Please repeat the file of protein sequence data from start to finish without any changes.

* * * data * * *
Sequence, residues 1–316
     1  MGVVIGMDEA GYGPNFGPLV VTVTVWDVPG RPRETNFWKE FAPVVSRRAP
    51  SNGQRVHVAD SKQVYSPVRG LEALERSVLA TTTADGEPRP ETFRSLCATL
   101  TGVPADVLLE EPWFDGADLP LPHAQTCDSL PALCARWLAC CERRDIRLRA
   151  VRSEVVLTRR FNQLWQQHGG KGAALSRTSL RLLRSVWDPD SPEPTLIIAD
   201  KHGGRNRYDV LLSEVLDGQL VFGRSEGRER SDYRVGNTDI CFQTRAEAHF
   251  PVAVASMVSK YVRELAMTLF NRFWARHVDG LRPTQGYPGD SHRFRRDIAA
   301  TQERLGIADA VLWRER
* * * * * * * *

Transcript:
Sequence, residues 1–316
     1  MGVVIGMDEA GYGPNFGPLV VTVTVWDVPG RPRETNFWKE FAPVVSRRAP
    51  SNGQRVHVAD SKQVYSPVRG LEALERSVLA TTTADGEPRP ETFRSLCATL
   101  TGVPADVLLE EPWFDGADLP LPHAQTCDSL PALCARWLAC CERRDIRLRA
   151  VRSEVVLTRR FNQLWQQHGG KGAALSRTSL RLLRSVWDPD SPEPTLIIAD
   201  KHGGRNRYDV LLSEVLDGQL VFGRSEGRER SDYRVGNTDI CFQTRAEAHF
   251  PVAVASMVSK YVRELAMTLF NRFWARHVDG LRPTQGYPGD SHRFRRDIAA
   301  TQERLGIADA VLWRER